Yes, that’s right, we’re now publishing reader reviews here on Kotaku. This is your chance to deliver sensible game purchasing advice to the rest of the Kotaku community.
And thanks to the very kind chaps at Madman Entertainment, purveyor of all kinds of cool, indie and esoteric film, the best reader review we publish each month will win a prize pack containing ten of the latest Madman DVD releases.
This review was submitted by James Milenkovic. If you’ve played Machinarium, or just want to ask James more about it, leave your thoughts in the comments below.
A picture is worth a thousand words - but what are words worth? Machinarium does away with them entirely, yet connects the player with the main character and the game world like few sprawling epic RPGs are capable of.
Characterisation: Beginning in a scrap heap and having to pull the main protagonist – a cute, cylindrical, everyman robot – together from small pieces, immediately you are drawn into the game. Every character in Machinarium is lovingly hand drawn and animated, and often have something they want from you – which is communicated by an animated thought bubble. There is no dialogue at all, but the story is conveyed in such a beautiful manner that you won’t notice.
Artwork: The characters and backgrounds are some of the most gorgeous and immediately identifiable that I have seen. The city is alive, with workmen and cleaning bots, bar owners and musicians. The music perfectly captures the mood, and is so exceptional there is a separate soundtrack for sale and even a free EP available online.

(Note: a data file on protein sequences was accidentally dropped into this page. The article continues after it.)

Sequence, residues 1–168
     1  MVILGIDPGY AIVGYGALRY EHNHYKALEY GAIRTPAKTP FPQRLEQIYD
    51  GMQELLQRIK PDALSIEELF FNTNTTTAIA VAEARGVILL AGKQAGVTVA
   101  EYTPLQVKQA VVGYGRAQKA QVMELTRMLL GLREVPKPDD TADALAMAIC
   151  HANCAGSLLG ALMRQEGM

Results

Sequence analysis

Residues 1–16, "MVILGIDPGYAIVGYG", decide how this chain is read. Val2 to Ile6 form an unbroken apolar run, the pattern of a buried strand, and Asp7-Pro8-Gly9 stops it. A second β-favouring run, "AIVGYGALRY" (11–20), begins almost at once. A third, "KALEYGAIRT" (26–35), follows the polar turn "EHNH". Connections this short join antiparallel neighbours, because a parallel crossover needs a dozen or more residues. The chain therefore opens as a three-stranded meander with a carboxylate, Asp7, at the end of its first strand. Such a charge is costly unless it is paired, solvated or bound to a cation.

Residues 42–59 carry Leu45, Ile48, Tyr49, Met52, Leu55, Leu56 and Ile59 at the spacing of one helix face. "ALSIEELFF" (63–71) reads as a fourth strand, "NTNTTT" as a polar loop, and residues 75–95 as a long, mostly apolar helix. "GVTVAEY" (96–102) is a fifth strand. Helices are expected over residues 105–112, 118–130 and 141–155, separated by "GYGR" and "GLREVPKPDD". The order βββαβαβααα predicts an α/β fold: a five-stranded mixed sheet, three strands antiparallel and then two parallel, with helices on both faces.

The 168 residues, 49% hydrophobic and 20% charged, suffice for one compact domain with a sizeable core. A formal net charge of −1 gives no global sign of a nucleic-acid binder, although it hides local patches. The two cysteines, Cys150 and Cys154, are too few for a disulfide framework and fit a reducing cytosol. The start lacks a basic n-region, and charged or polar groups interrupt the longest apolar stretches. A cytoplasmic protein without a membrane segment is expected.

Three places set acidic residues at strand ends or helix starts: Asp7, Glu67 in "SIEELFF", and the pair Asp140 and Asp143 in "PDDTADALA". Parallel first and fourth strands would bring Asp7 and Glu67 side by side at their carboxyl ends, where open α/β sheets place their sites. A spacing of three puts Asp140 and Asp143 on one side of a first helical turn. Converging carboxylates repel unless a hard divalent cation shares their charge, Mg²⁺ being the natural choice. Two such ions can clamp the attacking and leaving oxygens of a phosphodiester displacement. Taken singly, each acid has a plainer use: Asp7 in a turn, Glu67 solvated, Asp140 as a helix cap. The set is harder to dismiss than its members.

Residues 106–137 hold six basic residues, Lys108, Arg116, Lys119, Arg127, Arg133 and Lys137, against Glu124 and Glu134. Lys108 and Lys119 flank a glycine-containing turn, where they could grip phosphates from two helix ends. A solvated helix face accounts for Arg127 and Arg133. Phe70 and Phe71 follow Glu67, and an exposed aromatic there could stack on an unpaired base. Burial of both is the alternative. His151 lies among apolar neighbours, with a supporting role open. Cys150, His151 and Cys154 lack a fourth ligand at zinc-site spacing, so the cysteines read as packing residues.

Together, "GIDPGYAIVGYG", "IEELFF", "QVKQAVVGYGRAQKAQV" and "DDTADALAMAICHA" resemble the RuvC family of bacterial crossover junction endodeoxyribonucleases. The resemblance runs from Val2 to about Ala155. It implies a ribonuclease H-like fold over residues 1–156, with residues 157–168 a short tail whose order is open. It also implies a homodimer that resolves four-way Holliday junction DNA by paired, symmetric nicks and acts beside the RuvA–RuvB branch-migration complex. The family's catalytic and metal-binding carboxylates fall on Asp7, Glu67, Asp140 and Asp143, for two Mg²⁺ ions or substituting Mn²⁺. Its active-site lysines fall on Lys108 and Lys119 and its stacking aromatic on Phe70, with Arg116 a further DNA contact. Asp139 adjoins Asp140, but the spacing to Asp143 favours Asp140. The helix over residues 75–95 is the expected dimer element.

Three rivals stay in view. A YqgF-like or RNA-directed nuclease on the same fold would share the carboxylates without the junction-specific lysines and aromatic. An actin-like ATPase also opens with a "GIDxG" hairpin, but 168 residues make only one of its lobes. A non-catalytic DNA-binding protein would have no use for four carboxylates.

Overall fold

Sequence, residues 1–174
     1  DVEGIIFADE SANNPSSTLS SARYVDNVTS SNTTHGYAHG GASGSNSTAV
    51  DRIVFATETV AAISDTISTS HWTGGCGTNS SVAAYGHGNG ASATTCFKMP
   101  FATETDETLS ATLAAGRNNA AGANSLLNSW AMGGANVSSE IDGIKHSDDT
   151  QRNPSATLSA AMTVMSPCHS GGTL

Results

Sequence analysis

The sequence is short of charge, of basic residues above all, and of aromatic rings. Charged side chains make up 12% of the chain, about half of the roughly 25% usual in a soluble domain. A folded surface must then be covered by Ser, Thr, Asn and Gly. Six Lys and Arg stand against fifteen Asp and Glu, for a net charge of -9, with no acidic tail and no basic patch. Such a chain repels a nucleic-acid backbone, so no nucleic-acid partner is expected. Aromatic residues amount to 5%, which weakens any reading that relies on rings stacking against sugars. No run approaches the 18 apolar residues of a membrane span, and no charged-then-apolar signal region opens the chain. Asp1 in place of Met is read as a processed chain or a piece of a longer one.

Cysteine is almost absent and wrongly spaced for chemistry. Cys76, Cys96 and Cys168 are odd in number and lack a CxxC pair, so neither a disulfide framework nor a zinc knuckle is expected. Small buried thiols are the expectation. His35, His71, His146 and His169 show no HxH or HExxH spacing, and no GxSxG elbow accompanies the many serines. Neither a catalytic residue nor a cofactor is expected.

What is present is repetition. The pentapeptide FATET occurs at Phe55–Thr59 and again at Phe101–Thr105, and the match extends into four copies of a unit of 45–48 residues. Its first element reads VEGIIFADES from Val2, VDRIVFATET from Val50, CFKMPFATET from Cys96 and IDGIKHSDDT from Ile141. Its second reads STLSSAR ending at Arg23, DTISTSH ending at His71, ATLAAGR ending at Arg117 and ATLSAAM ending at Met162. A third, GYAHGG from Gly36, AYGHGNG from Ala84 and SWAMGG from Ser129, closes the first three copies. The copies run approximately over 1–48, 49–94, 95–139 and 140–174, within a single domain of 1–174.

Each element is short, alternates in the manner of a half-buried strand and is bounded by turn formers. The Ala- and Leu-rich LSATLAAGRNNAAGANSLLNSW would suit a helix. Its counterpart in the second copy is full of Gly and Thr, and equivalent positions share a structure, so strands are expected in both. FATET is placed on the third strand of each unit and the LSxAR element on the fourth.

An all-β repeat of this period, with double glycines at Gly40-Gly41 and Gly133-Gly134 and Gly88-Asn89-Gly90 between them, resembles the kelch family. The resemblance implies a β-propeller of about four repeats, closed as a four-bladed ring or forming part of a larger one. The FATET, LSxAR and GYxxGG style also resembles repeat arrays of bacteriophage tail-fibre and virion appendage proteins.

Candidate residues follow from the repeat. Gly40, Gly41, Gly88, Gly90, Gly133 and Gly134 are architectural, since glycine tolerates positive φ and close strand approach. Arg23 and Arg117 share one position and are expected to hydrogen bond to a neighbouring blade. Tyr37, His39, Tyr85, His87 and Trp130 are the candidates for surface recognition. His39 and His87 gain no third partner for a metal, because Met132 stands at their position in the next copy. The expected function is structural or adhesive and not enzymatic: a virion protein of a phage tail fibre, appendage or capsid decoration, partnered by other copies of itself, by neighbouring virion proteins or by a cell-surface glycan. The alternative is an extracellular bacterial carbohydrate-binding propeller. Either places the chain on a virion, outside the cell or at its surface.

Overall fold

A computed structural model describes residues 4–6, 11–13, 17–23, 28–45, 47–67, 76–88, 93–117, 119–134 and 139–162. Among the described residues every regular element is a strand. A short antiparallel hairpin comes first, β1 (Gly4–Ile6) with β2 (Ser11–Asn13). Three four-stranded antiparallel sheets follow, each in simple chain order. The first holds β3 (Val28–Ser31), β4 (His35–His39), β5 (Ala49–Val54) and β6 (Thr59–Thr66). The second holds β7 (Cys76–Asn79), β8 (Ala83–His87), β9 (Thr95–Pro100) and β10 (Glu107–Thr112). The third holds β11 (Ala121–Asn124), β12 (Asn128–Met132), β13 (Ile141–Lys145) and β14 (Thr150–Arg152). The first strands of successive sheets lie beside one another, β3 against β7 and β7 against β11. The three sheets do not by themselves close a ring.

Puzzling: Challenging yet rarely frustrating, the adventure puzzle gameplay is perfectly balanced giving a sense of achievement at every turn, and often leaving you with a self satisfied grin. Of special mention is the ‘cooling system’ puzzle, where thinking the wrong thing might be right. And never fear: if you are stuck there is a hint system, again caught in the thought bubble, and if that isn’t enough, there is a solution book for each screen, with a mini-game that deters you from doing it too often.
Flash: Being done in Macromedia Flash might have been great from a technical and compatibility standpoint, but it means the right mouse button cannot be used, which makes the interface slightly less intuitive. A small gripe, but the only one I could come up with.
A quirky indie adventure puzzle game with plenty of cute, charismatic characters and a masterfully written and paced story makes this a contender game of the year.
Reviewed by: James Milenkovic
You can have your Reader Review published on Kotaku. Send your review to us at the usual address. Make sure it’s written in the same format as above and in under 300 words - yes, we’ve upped the word limit. We’ll publish the best ones we get and the best of the month will win a Madman DVD prize pack.